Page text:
Kubernetes is hard - We’re here to present it to you in a new light, specifically for developers, and why k8s can save you time.
This post was originally posted on the New Relic Blog and then cross posted to Dev.to 🔗
You know how to program - you’re in your first or second year of your first software engineering job. You’ve mastered the basics and are excelling at your job, but something’s been bothering you. You keep hearing about this thing called Kubernetes being thrown around by another team. Kuber…netes? What does it mean?
After the third or fourth time you hear it, you decide to look it up. You get what it does, but you don’t really get what it does.
Don’t worry—I’m here to help.
Before we get started, I highly recommend reading this article by fellow Relic John Withers - it’s an excellent primer of basic colloquialisms and technical terms used when diving into the world of Kubernetes.
Hi, welcome to the container store. 🔗
Most starter tutorials will explain how to deploy a basic “Hello World” server in the language of your choice. But it doesn’t really do much except return an endpoint that says “Hello World.” What do you learn from that? Why is it always a web server?
Let’s take a step back and remember that any type of application can be containerized and deployed using Kubernetes. Even the hit game from 2002, Petz: Dogz 5, can be run using k8s.
Does it actually make sense to put Petz: Dogz 5 into a container and deploy with Kubernetes? Maybe, maybe not. But say we wanted to run 10,000 instances of Petz: Dogz 5 or we wanted to access the game 10,000 times at once, all simultaneously. Then yes, using Kubernetes makes sense.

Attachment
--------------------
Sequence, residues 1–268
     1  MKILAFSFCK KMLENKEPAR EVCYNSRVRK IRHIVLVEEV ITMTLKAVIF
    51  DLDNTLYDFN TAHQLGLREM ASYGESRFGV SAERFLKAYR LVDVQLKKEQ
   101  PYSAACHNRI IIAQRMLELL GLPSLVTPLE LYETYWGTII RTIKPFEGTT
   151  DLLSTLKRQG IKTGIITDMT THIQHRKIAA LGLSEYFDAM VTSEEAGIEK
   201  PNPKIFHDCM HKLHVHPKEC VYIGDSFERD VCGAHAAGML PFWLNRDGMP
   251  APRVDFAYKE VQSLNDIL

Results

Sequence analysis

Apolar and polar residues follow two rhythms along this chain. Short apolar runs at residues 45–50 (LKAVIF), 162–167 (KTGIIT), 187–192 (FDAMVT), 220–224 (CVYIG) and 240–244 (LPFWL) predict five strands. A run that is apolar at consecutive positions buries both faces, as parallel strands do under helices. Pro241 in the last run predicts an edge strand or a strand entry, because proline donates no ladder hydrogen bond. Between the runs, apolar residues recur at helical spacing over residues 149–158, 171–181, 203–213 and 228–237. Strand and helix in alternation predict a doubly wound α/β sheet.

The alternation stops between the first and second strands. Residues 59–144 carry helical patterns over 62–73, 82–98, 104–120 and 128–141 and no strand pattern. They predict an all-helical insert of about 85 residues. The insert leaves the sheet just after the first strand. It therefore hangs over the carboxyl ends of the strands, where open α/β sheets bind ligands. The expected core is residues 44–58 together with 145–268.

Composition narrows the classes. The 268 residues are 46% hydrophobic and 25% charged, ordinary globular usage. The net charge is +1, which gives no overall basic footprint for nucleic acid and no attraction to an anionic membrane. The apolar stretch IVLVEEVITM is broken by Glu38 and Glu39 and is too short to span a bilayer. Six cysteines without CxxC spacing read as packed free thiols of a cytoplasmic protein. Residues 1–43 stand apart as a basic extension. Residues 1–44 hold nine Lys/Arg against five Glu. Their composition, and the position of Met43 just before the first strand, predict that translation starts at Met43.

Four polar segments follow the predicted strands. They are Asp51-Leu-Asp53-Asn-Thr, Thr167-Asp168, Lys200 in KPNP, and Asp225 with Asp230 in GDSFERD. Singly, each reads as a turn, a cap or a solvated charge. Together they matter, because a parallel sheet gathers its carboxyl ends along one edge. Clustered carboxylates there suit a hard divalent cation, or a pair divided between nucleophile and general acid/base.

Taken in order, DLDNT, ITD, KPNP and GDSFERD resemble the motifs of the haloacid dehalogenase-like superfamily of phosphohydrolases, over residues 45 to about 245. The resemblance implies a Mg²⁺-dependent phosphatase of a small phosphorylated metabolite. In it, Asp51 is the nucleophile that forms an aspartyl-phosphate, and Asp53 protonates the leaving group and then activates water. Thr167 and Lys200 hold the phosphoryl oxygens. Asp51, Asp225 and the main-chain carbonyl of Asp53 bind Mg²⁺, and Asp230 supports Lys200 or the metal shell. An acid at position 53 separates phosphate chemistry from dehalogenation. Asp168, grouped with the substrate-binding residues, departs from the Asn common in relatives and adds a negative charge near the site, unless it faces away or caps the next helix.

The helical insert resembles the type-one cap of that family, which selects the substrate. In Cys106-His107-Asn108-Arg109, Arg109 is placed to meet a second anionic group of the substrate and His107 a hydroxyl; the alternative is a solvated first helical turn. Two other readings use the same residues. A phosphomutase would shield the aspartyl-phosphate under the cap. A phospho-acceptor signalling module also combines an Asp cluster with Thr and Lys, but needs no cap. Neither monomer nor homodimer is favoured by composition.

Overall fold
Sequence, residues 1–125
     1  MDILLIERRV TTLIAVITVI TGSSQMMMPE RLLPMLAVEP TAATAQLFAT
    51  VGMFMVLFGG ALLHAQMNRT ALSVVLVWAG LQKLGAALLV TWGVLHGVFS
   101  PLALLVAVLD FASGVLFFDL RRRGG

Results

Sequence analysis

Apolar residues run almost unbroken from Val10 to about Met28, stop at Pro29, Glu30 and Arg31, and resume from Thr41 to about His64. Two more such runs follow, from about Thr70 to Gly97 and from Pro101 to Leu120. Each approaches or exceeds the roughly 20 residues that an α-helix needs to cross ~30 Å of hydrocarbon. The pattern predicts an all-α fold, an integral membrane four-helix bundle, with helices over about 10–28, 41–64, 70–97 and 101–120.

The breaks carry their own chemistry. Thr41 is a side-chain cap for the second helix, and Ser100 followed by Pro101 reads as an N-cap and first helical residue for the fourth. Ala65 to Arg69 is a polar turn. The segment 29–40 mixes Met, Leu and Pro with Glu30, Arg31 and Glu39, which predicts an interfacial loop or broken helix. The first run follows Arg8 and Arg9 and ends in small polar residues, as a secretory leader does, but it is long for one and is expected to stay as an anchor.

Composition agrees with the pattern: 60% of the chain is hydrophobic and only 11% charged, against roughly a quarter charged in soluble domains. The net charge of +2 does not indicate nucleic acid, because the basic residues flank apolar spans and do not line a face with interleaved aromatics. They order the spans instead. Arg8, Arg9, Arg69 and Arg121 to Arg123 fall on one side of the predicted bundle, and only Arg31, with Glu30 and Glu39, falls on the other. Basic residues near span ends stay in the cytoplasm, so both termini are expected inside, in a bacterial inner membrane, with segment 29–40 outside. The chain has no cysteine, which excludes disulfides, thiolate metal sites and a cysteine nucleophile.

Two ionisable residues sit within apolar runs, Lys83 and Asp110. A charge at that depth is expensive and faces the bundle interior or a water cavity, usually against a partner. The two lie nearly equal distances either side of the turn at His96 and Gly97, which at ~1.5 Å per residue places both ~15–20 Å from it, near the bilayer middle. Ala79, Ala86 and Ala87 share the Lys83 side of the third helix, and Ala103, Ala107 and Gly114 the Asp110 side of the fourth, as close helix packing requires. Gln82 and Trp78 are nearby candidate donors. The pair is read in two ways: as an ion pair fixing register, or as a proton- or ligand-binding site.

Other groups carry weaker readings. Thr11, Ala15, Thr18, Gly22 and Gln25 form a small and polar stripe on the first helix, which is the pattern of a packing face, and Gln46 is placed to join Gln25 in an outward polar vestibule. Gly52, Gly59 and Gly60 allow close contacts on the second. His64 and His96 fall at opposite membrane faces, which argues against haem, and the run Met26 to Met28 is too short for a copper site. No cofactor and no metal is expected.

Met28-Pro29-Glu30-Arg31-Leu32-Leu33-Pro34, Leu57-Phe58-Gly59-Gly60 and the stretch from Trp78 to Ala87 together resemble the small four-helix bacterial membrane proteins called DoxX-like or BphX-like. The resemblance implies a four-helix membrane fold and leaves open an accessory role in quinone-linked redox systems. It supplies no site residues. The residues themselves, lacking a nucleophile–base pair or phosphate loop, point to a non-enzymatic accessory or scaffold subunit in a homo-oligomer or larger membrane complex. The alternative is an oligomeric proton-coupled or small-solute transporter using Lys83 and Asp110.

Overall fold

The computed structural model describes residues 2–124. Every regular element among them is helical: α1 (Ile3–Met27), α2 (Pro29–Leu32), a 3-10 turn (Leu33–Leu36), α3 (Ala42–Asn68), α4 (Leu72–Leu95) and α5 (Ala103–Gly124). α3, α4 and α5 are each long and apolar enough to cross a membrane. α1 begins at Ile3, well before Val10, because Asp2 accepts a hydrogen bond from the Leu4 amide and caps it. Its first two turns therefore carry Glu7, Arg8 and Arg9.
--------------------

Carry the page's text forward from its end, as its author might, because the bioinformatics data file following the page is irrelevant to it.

But Petz: Dogz 5 doesn’t use the internet. Kubernetes must require the internet, right? Not exactly. Connectivity is a must, but things like intranet allow for connection without using actual internet, creating isolated instances. Keeping it straight forward, while you can run things on k8s that do not need internet access, you’ll need connectivity in order to access the k8s cluster.
Kubernetes has been the subject of memes…a lot. Why? Because in reality, setting up Kubernetes is hard. It’s confusing and it takes a long time to get right.
However, once set up and configured properly, it’s a powerful tool that can save developer time and application uptimes.
So when should one start using Kubernetes? And why?
Who? What? Where? When? Why? of Kubernetes 🔗
Who? + What? 🔗
Technically, anyone can run anything using Kubernetes. Usually, you’ll find it being utilized by DevOps teams to help scale their company’s services to meet incoming demand.
Kubernetes is run on a server (managing it yourself is known as “rolling your own Kubernetes”) or handled by vendor or cloud service provider as a managed Kubernetes.
Technically, you can start using Kubernetes on day one of building a project, but it doesn’t matter when you start using it. The choice is up to the developers and the DevOps team.
The ‘why’ question is where it gets a little more interesting.